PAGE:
Light This City

Facing The Thousand

Written by: PP on 27/11/2006 18:06:57

Those of you who hold albums like "Whoracle" and "Slaughter Of The Soul" dear to your heart will immediately either love or hate Light This City. If you can forget the fact that "Facing The Thousand" is the long-lost follow-up album to the At The Gates classic or a new In Flames album returning to their roots, then, like me, you will love the album and cherish the fact that even today, 10 years after the genre's creative culmination, it still sounds just as relevant as during the mid 90s.

The ten brutally assaulting tracks on "Facing The Thousand" effectively highlight everything that was great with the Gothenburg Melodeath scene and add in bits and pieces of Americanized thrash metal and absolutely phenomenal drumming as a cherry on the dessert, to complete what may be the best melodic death album for several years now. There are more great aspects about "Facing The Thousand" than I have space to discuss on this review, but "The Eagle", for instance, works as a flagship of their sound, featuring high-flying twin-guitar harmonies flying above the growling shrieks and screams that make Children Of Bodom's Alexi Laiho sound amateurish. Nevermind the fact that these shrieks are coming out of the vocal chords of a picturesque, fragile-appearing teenage girl ('fragile' based on their promo shot)!

Once you've surpassed the intial shock of the teenage vocalist emitting such paradoxically fantastic and horrendous screams, the next shock awaits. The drumwork on the large majority of the album is some of the best, fastest drumming you'll have heard in a long time, coming at you in rapid-fire pace, mutilating the drumset with emphasis on dual blast beats and innovative bridge-sequences. The production of the album is understandably set to highlight the drums, but most importantly, it doesn't forget to crystallize the brilliant twin-guitar harmonies that constantly carry the songs forward and take them to heights you wouldn't expect them to be. The speed of it all ensures you'll never be bored and guarantees that even after several consecutive active-listening sessions, you'll still be hypnotized listening to the lead guitar teaching you lessons on how extreme melody can and should be done.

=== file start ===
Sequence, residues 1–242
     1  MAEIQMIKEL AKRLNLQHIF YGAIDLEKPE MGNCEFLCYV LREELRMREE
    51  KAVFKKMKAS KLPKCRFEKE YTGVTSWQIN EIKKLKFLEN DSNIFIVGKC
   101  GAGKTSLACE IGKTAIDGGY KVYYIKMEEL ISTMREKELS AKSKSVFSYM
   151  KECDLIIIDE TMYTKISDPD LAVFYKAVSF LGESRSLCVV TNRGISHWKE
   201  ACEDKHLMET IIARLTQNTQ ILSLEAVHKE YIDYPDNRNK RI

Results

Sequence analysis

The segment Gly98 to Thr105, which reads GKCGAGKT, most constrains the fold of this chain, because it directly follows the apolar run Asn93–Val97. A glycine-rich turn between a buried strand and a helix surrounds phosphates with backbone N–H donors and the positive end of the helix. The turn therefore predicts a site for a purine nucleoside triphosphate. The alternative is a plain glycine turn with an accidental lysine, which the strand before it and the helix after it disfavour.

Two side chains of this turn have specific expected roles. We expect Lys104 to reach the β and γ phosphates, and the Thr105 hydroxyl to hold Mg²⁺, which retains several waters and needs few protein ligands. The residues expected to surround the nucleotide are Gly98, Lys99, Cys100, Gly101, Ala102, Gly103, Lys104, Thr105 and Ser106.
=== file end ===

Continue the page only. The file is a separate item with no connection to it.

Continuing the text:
Aside from the fact that this has all been done over ten years ago, there are no significant faults on the album. The songs vary in pace and altitude of the melody enough to differentiate each other, and the occasional whisperous background growls contrast Laura's shrieks wholly, clearing the possibility of songs becoming too much alike on the vocal department. As I stated to start off the review, you'll either love this or hate "Facing The Thousand", but my guess is that if you're fan of complex yet blistering guitar work a la early In Flames / Children Of Bodom, it is just the right album for you to restore some light on old classics you may have forgotten, or for the newer generation, the album that might just be their "Slaughter Of The Soul" of melodic death metal.

Download: The Eagle, The Unwelcome Savior, City Of The Snares
For the fans of: In Flames, Children Of Bodom, Carcass, At The Gates, The Haunted
Listen: Myspace

Release date 25.09.2006
Provided by Target ApS

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